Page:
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Over the last ten years, our exports have doubled, so have the imports; however, the quantum differs substantially. For instance, in 2019 alone, we spent Nu 68.91 billion for imports while we earned just Nu 47.48 billion from exports leaving massive Nu 21.42 billion as the “Trade Imbalance”. However, it may be noted that the trade imbalance in  2019 had fallen by almost 28% compared to 2018, primarily due to additional revenue on account of the 720MW Mangdechhu hydropower project and the enhanced export of boulders.

If we are to narrow the import-export gap, it is imperative we enhance exports and minimize imports or promote substitutions through domestic production.

As per trade statistics maintained by DoT, MoEA, during the fiscal year 2018-19, Bhutan imported goods from 64 countries. The topmost imported items were petroleum products worth Nu 10.27bn, ferrous products – Nu 3.143bn, vehicles- Nu 3.93bn, rice products- Nu 1.66bn, and wood charcoals worth Nu 1.88bn. During the same year, we exported to 45 countries and the most exported items were electricity- Nu 16.24bn, Ferrosilicon-Nu 9.78bn; boulders- Nu 4.98bn; gravels & pebbles- Nu 1.82bn; cement- Nu 1.19bn).

From the above lists, it is clear which items need to be prioritised for exports and what to be curtailed in imports. In the export category, we must explore alternative sources for electricity generation so that more electricity from some hydropower projects could be displaced for export. This is becoming even more relevant as export tariffs earn much better. For instance, a unit of energy from Mangdechhu hydropower project displaced for export will garner Nu 4.12/unit which offers an opportunity to promote any other electricity generation alternatives that can be developed below Nu 4.12 per unit.  The other items to consider are ferrosilicon, boulder, and cement as Dungsam cement plant still has the potential to produce more without more capital inputs.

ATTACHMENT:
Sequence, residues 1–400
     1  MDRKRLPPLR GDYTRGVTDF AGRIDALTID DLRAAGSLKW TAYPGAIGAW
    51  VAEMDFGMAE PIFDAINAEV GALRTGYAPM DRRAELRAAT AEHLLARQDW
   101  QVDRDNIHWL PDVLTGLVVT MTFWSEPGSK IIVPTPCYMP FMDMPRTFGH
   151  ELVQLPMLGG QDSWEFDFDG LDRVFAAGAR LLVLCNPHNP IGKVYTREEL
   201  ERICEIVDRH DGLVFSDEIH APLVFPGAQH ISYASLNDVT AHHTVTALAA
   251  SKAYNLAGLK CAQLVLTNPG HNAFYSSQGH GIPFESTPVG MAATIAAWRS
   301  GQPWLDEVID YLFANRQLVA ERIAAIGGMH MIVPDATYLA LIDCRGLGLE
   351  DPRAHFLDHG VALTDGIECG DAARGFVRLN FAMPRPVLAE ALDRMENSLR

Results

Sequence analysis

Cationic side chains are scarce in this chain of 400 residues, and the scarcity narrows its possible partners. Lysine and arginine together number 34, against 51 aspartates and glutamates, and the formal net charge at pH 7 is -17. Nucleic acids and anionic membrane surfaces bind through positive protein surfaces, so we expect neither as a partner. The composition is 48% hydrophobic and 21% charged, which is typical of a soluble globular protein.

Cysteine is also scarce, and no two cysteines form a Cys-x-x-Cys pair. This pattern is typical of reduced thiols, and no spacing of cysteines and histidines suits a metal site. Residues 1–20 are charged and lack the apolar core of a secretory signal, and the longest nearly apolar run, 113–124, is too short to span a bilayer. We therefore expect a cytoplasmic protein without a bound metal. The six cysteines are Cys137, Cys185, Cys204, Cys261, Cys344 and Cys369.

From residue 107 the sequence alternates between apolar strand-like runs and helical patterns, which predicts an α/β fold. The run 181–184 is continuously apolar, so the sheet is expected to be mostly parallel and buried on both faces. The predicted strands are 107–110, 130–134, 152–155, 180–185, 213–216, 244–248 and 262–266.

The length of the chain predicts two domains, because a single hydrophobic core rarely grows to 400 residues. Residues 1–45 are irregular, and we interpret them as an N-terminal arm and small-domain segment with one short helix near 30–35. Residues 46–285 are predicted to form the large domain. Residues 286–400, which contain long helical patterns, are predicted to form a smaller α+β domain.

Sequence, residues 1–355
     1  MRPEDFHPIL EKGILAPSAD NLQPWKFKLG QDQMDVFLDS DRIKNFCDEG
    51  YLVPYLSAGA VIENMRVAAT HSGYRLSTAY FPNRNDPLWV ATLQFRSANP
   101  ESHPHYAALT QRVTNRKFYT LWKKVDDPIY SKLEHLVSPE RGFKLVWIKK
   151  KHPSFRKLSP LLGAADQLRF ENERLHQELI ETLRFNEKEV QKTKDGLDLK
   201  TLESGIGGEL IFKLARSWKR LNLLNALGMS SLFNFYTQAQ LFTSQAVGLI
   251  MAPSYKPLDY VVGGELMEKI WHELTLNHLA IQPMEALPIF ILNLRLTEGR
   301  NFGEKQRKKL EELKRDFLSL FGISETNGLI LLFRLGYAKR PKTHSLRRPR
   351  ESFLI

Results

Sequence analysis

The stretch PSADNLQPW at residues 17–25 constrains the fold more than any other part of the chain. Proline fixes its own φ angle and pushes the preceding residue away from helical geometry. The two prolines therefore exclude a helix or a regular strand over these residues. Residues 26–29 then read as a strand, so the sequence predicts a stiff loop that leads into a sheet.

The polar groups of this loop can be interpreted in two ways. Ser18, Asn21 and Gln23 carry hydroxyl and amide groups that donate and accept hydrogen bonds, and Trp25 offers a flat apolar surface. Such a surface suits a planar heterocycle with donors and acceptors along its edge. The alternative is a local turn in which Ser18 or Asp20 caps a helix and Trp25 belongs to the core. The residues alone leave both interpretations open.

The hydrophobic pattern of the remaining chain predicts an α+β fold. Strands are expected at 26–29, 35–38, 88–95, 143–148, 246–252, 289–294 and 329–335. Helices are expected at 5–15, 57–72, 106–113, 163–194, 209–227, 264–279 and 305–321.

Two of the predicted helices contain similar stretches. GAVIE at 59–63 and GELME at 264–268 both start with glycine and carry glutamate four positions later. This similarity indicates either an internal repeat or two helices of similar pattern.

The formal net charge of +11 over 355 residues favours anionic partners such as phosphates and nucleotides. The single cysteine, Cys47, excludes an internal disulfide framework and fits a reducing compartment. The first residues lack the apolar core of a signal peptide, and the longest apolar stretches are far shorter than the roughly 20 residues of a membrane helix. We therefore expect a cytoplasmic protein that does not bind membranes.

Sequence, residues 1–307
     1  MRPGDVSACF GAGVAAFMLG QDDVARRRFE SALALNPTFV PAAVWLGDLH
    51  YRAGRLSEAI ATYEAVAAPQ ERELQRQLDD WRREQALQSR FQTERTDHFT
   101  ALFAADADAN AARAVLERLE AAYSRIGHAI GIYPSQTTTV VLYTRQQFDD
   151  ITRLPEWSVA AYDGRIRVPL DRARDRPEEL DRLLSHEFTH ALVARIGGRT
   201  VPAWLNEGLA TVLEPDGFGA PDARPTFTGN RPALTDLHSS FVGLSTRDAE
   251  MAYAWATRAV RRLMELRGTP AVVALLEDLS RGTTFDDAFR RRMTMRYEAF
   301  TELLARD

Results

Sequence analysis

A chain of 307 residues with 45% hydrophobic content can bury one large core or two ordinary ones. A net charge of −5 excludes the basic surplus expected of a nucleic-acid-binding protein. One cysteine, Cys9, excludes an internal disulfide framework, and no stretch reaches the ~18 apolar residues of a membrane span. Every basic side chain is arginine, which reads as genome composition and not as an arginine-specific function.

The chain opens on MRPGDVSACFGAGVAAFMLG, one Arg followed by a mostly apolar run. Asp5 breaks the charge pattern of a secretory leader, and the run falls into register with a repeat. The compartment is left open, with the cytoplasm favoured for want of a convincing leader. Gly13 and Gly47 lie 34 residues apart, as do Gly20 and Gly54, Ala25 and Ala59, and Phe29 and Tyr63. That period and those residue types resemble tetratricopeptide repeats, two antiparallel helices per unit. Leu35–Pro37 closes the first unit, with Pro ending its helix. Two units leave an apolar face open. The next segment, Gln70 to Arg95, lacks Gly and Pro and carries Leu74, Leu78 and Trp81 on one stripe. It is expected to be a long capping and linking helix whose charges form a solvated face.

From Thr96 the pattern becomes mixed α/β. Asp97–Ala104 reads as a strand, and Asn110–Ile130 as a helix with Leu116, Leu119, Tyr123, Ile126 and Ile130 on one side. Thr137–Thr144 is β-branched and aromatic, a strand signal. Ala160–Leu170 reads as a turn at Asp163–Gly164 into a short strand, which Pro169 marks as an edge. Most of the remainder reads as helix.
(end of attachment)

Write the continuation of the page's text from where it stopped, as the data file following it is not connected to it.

On the other hand, we must take immediate and drastic measures to minimize the import of vehicles and petroleum products. As per records with Road Safety and Transport Authority (RSTA), there are 105,649 vehicles or 1 for every 7 people in the country as of July 2020. This includes 6,702 vehicles imported during the FY 2019-20. 

In 2019 alone, more than Rs 10.27 billion was spent on fossil fuel imports. One immediate intervention is to expedite promotion of Electric Vehicles (EVs)/hybrids and associated infrastructure to motivate, especially the government/public offices/institutions to opt for such alternatives.  For instance, a Hyundai Tucson comparable EV driven alternative (Hyundai Kona) comes for an upfront cost of around Nu 2.60 million, closer to that of Nu 2 million for Hyundai Tucson.  Besides this marginal upfront cost difference, the Kona will be more advantageous with minimal operational and maintenance costs. For example, the KONA comes with a battery which will consume just 39.2kWh of energy with which it can travel 452 kilometres costing just Nu 198 (Nu 5.06 per kWh). However, for the same distance, a Tucson would consume around 45 litres of diesel which translates to more than Nu 2,300, so there is a huge operational costs difference.

The other items to be considered for domestic production are rice and charcoal, which should not entail much technological complexity and raw material constraints.

While there could be many other options, these are suggestions to help relevant stakeholders/agencies/individuals to prioritise and consider more focused interventions to facilitate and promote these sectors.

Contributed by Passangyt, Thimphu

pyt.doe@gmail.com

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